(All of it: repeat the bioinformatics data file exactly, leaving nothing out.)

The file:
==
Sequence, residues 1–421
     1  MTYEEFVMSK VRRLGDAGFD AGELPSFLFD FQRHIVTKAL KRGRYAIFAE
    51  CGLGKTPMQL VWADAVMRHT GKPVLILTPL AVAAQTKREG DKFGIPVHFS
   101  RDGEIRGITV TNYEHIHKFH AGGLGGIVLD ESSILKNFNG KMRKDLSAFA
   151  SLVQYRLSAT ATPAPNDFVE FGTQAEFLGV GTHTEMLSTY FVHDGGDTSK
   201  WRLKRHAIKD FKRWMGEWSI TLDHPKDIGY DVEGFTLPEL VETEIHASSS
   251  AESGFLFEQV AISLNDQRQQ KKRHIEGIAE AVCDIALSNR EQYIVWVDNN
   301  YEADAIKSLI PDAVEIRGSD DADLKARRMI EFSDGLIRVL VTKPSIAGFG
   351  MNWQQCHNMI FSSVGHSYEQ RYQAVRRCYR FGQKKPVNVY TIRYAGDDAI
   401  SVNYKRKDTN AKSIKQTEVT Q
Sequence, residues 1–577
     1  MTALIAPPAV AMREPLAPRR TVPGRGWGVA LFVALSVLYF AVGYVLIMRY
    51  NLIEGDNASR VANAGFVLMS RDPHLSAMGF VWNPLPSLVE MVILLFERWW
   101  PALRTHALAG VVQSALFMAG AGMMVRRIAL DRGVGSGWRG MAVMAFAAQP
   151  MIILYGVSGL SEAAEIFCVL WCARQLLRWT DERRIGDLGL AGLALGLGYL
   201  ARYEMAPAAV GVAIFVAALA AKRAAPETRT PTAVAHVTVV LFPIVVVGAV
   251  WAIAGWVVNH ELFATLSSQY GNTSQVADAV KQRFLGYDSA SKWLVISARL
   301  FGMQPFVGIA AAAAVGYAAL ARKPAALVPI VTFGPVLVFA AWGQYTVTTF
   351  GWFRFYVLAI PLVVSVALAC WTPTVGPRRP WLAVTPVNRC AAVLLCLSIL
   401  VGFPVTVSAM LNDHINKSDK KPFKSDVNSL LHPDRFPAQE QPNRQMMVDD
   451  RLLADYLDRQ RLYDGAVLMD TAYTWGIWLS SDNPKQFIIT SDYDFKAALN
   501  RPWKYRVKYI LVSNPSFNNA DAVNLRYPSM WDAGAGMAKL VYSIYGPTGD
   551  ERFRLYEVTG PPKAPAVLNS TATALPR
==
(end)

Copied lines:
Sequence, residues 1–421
     1  MTYEEFVMSK VRRLGDAGFD AGELPSFLFD FQRHIVTKAL KRGRYAIFAE
    51  CGLGKTPMQL VWADAVMRHT GKPVLILTPL AVAAQTKREG DKFGIPVHFS
   101  RDGEIRGITV TNYEHIHKFH AGGLGGIVLD ESSILKNFNG KMRKDLSAFA
   151  SLVQYRLSAT ATPAPNDFVE FGTQAEFLGV GTHTEMLSTY FVHDGGDTSK
   201  WRLKRHAIKD FKRWMGEWSI TLDHPKDIGY DVEGFTLPEL VETEIHASSS
   251  AESGFLFEQV AISLNDQRQQ KKRHIEGIAE AVCDIALSNR EQYIVWVDNN
   301  YEADAIKSLI PDAVEIRGSD DADLKARRMI EFSDGLIRVL VTKPSIAGFG
   351  MNWQQCHNMI FSSVGHSYEQ RYQAVRRCYR FGQKKPVNVY TIRYAGDDAI
   401  SVNYKRKDTN AKSIKQTEVT Q
Sequence, residues 1–577
     1  MTALIAPPAV AMREPLAPRR TVPGRGWGVA LFVALSVLYF AVGYVLIMRY
    51  NLIEGDNASR VANAGFVLMS RDPHLSAMGF VWNPLPSLVE MVILLFERWW
   101  PALRTHALAG VVQSALFMAG AGMMVRRIAL DRGVGSGWRG MAVMAFAAQP
   151  MIILYGVSGL SEAAEIFCVL WCARQLLRWT DERRIGDLGL AGLALGLGYL
   201  ARYEMAPAAV GVAIFVAALA AKRAAPETRT PTAVAHVTVV LFPIVVVGAV
   251  WAIAGWVVNH ELFATLSSQY GNTSQVADAV KQRFLGYDSA SKWLVISARL
   301  FGMQPFVGIA AAAAVGYAAL ARKPAALVPI VTFGPVLVFA AWGQYTVTTF
   351  GWFRFYVLAI PLVVSVALAC WTPTVGPRRP WLAVTPVNRC AAVLLCLSIL
   401  VGFPVTVSAM LNDHINKSDK KPFKSDVNSL LHPDRFPAQE QPNRQMMVDD
   451  RLLADYLDRQ RLYDGAVLMD TAYTWGIWLS SDNPKQFIIT SDYDFKAALN
   501  RPWKYRVKYI LVSNPSFNNA DAVNLRYPSM WDAGAGMAKL VYSIYGPTGD
   551  ERFRLYEVTG PPKAPAVLNS TATALPR